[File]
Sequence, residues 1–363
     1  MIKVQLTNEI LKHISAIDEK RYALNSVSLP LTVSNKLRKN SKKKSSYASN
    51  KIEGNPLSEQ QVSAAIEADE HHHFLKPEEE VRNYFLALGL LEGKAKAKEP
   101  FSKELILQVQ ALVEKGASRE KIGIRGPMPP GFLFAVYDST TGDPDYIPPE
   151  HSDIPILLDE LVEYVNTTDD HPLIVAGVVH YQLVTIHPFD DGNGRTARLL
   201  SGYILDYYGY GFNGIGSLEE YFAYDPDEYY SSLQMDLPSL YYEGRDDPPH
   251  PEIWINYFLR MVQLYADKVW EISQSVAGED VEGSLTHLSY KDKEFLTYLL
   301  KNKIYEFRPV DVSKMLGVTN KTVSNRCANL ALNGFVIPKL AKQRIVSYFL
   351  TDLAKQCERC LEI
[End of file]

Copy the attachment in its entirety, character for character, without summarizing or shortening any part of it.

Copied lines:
Sequence, residues 1–363
     1  MIKVQLTNEI LKHISAIDEK RYALNSVSLP LTVSNKLRKN SKKKSSYASN
    51  KIEGNPLSEQ QVSAAIEADE HHHFLKPEEE VRNYFLALGL LEGKAKAKEP
   101  FSKELILQVQ ALVEKGASRE KIGIRGPMPP GFLFAVYDST TGDPDYIPPE
   151  HSDIPILLDE LVEYVNTTDD HPLIVAGVVH YQLVTIHPFD DGNGRTARLL
   201  SGYILDYYGY GFNGIGSLEE YFAYDPDEYY SSLQMDLPSL YYEGRDDPPH
   251  PEIWINYFLR MVQLYADKVW EISQSVAGED VEGSLTHLSY KDKEFLTYLL
   301  KNKIYEFRPV DVSKMLGVTN KTVSNRCANL ALNGFVIPKL AKQRIVSYFL
   351  TDLAKQCERC LEI